What is DNS?
DNS stands for Domain Name System. To know more about DNS visit Wikipedia DNS. In short DNS maps complex 32-bit IP addresses to human readable and rememberable domain names i.e. gopalthorve.com. DNS consists of a very large globally distributed database which hold zones for domains and consequently these zones hold various resource records of the domain. As we all know every device connected with the global internet is identified by a logical 32-bit number. This IP address is further divided into 4 octal numbers separated by dot (.) i.e. 192.168.0.1 (dotted decimal format). It is DNS due to which we don’t need to remember those complex 32-bit IP addresses. Say thanks to DNS due to which we only need to enter say www.wordpress.com and DNS takes care of resolving this name to respective IP address. To know how DNS Server works and for detailed description about each and every term associated with DNS Server you may find DNS on Windows Server 2003 interesting. I learned a lot of stuffs about DNS Server from DNS and BIND (5th Edition).
Install DNS Server in Windows Server 2008
- Launch Server Manager by clicking Start > Administrative Tools > Server Manager. Click Roles and then Add Roles.
- Select DNS Server from the list and then click Next button.
- A little introduction to DNS Server and a few useful links for further details as shown in below image. Click Next to move on.
- Click Install button.
- DNS Server has been installed successfully as per below snapshot. Click Close to finish the Add Roles Wizard.
Creating Forward Lookup Zone
- Launch DNS Manager by clicking Start > Administrative Tools > DNS or type dnsmgmt.msc in Run window (Press Windows Key + R) and press Enter.
- Expand Server (e.g. WIN2008) > Right click Forward Lookup Zones > New Zone which will launch New Zone wizard.
- Click Next on Welcome to the New Zone wizard.
- Since this is our primary DNS Server for the zone select Primary zone. Then move on by clicking Next button.
- Enter the domain name for which you want to create the zone for e.g. gopalthorve.com. Say you want to build up DNS Server for your own Windows Server 2008 based hosting server then enter your registered domain name here otherwise if it is for intranet only it can be anything (domain naming conventions must be followed). The zone can also be created for subdomain e.g. us.gopalthorve.com.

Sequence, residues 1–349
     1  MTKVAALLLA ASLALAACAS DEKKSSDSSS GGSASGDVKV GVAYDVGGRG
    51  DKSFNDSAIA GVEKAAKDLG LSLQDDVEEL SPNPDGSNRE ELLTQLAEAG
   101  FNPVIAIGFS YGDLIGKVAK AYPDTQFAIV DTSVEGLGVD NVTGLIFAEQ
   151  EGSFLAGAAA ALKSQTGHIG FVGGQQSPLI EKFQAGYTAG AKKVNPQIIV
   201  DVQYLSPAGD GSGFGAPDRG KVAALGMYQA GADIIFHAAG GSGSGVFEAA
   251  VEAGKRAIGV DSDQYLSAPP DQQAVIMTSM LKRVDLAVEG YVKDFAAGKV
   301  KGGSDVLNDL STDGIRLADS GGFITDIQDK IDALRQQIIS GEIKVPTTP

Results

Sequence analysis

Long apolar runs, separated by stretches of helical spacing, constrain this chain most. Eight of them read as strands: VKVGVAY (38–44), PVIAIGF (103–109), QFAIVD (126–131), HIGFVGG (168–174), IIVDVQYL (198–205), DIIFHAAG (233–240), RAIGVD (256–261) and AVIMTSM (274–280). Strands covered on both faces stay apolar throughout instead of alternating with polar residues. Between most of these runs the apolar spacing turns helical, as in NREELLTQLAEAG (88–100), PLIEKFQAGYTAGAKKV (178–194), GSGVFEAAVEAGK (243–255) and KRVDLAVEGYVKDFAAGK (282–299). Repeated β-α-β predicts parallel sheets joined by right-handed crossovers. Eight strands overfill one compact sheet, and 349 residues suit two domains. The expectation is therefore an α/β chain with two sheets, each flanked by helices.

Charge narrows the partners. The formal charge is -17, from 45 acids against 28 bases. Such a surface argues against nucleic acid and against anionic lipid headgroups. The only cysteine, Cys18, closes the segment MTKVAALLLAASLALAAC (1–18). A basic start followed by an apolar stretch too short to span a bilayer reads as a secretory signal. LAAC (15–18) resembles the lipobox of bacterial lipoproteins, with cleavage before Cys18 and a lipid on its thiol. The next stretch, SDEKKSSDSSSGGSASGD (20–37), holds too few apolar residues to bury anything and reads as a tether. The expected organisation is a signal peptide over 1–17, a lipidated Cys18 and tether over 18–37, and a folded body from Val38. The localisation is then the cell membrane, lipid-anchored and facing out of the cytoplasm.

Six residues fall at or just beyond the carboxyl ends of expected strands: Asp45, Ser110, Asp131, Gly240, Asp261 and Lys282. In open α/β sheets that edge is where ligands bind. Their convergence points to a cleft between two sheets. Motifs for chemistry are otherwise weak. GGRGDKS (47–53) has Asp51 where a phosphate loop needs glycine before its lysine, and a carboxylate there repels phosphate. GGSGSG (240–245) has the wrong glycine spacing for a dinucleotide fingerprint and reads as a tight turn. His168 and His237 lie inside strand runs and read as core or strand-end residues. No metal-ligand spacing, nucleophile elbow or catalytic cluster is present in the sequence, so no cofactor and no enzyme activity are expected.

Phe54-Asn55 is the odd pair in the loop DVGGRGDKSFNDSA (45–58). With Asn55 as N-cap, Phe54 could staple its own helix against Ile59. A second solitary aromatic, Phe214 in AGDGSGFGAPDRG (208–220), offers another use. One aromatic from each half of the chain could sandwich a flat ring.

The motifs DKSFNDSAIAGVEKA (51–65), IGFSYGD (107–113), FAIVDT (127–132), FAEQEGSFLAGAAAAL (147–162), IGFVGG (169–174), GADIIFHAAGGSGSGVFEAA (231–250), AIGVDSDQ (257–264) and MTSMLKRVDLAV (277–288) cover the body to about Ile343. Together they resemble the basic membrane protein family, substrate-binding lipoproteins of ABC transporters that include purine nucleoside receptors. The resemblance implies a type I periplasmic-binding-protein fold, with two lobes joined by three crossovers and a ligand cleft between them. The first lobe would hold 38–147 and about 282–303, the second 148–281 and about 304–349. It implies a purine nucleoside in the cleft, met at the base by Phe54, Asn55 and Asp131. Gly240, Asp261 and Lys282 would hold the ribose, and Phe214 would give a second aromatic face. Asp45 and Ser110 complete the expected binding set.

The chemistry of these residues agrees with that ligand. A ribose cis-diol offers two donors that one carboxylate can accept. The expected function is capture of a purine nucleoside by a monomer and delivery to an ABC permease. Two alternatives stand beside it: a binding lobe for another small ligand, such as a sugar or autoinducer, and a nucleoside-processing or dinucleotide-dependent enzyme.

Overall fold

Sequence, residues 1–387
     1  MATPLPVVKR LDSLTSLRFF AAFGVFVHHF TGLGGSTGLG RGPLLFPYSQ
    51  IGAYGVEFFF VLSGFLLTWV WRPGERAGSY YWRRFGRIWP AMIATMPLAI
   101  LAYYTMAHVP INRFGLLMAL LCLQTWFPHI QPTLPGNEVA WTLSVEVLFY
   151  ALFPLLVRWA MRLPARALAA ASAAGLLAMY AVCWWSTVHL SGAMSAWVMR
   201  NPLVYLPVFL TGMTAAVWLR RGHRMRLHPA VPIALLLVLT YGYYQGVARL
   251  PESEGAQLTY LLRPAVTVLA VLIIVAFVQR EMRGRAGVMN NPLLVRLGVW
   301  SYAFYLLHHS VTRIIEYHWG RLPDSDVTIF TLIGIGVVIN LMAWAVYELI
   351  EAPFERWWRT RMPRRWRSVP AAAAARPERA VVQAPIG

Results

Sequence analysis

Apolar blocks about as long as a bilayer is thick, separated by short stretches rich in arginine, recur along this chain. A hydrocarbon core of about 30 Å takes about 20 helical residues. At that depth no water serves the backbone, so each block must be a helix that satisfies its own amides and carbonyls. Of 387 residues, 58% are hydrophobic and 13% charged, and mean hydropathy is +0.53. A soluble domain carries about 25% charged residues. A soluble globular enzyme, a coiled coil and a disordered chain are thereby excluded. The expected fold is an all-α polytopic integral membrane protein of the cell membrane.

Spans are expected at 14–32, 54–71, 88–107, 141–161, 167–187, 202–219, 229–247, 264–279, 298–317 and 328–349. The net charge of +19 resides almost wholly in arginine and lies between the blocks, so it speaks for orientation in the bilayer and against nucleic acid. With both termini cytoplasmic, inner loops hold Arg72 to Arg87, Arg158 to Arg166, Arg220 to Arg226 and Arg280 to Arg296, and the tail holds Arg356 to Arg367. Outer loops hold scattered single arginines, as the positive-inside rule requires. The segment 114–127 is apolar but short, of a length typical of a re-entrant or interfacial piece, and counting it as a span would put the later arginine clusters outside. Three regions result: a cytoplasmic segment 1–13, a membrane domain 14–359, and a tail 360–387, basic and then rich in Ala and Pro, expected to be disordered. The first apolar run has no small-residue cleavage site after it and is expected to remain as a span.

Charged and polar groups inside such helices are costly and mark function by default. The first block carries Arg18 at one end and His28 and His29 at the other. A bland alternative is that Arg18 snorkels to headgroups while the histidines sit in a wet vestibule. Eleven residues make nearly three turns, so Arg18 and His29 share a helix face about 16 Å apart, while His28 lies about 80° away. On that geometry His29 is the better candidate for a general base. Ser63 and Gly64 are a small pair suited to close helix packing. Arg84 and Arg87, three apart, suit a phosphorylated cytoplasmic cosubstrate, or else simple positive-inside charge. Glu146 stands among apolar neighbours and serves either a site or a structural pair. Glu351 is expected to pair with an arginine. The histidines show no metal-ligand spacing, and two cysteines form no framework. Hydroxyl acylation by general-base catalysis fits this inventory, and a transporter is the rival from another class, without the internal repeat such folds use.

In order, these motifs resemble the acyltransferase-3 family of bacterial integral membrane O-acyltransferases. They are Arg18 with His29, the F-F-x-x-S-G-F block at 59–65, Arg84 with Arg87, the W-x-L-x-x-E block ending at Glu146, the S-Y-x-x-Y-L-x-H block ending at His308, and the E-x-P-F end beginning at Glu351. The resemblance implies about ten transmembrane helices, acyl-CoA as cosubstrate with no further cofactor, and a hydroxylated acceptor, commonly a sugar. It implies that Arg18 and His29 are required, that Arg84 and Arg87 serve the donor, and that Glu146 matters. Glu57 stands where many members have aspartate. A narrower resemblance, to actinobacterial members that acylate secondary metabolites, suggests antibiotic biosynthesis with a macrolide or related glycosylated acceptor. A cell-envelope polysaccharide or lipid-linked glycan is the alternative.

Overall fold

- Zone File Options:
- Create a new file with this file name: Enter the physical zone file name where all zone information will be stored for this domain/subdomain. This file will be created under %systemroot%\system32\dns. Follow standard zone file naming convention e.g. gopalthorve.com.dns.
- Use this existing file: If you already have a zone file for this domain/subdomain then select this option and specify zone file name here. You need to put this zone file under %systemroot%\system32\dns folder
- Dynamic Update: Here you can specify if this DNS zone will accept secure, nonsecure or no dynamic updates from client.
- Allow only secure dynamic updates (recommended for Active Directory): This is available only for Active Directory integrated zones. This setting allows Active Directory client machines to register their name as resource records pointing towards their dynamic/static IP address.
- Allow both nonsecure and secure dynamic updates: This should never be enabled because it allows all clients secure and nonsecure both to update from all clients.
- Do not allow dynamic updates: This should be the preferred setting if you are setting up this zone for your own hosting server. This denies dynamic updates to zone resource records from all client and you will need to change them manually whenever required. We will choose this option and then move on.
- Forward lookup zone has been created successfully for gopalthorve.com and shows the summary as in below image. Click Finish to close the New Zone Wizard.